I like C from the Singledollar’s suggestion: “I think you should keep a running total and post it with your debt updates: “Interest I would have paid under the old rates” vs “interest I’ve actually paid.”
Yeah, I agree about paying student loans. I say just get rid of the debt and be done with it once and for all. We can only make decisions for ourselves, for better or for worse. Please be very cautious with student loans in the future. Learn from my mistakes. Avoid them if at all possible.
Seems like a well reasoned move. I think you covered all of the bases.
item 4 as I understand it is not real common, most private loans survive death/disability.
Most important is your 6th point. That you plan to pay off the debt quickly as you can.
It doesnt sound as though this pertains to you, but Dave Ramsey talks a lot about how refinancing doesnt really ‘pay off the loan’. Its fine to do, but he always cautions people from thinking they have done something when they refinance. Its making the extra payments that matters when tackling debt.
A great first step for you would be to at minimum keep making the same payment that you currently are making. That would be an extra couple hundred dollars a month on the loan.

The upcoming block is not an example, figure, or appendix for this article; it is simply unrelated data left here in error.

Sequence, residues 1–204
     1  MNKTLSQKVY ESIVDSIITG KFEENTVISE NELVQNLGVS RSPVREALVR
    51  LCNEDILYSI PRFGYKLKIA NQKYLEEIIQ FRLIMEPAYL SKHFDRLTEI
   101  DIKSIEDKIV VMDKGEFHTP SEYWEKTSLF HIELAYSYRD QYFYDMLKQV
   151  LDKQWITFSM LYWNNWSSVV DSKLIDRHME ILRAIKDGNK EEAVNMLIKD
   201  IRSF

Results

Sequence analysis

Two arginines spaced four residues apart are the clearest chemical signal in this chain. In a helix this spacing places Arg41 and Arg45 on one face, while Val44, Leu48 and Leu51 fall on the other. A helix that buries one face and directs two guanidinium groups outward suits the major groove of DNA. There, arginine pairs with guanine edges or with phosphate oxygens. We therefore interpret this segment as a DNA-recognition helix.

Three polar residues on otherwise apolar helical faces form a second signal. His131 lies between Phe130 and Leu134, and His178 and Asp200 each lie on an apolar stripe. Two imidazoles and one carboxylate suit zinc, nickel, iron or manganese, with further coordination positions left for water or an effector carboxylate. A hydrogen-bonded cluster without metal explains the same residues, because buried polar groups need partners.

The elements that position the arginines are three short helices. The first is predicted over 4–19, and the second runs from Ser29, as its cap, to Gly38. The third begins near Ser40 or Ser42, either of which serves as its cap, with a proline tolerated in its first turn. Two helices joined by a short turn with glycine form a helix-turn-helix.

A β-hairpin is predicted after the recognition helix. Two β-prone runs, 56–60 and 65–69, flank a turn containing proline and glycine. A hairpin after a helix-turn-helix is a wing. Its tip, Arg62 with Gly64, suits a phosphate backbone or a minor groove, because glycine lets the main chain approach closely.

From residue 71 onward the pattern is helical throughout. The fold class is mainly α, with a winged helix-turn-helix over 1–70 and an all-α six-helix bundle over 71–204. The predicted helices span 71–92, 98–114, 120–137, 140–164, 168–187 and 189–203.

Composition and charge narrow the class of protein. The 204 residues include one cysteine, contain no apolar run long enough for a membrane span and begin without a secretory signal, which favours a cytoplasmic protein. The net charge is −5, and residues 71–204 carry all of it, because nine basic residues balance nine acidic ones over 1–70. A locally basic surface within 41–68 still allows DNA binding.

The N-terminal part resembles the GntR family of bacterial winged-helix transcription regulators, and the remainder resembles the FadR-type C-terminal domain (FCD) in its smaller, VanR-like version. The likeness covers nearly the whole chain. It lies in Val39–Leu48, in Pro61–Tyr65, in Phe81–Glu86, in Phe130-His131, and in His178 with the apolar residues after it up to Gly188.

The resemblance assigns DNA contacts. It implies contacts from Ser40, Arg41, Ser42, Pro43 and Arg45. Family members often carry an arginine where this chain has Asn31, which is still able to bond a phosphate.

Congrats, look forward to hearing about when you have it paid off!!!
Thanks, I will be looking forward to paying it off as well! In my case, with the large amount of debt I have, lowering the interest rate will save me thousands of dollars in interest on top of paying it down quickly. For some people in certain situations, refinancing can be helpful.
I think this is a fantastic move. You are going to save *so much* in interest. In fact, I think you should keep a running total and post it with your debt updates: “Interest I would have paid under the old rates” vs “interest I’ve actually paid.”
The only possible downside for me is that killing smaller loans is more fun and feels more manageable, what the snowball technique is designed to take advantage of. I suggest you come up with some way to simulate that — maybe keep track of when each of the old loans WOULD have been paid off (=principal paid down is equal to the size of one of the old loans) and have a little ceremony.
Congrats on getting this through! It’ll be hugely less stressful and complex, and save you lots of money in the long run.
Yes, I’m thinking of ways to mark the milestones as I pay it down to keep it interesting.
Yeah, I’ll try to find a way to calculate total interest saved. It’s a little complicated because the two loans are different payment schedule types with different timelines so it’s not a 1:1 comparison. Nevertheless, I can come up with some basic numbers.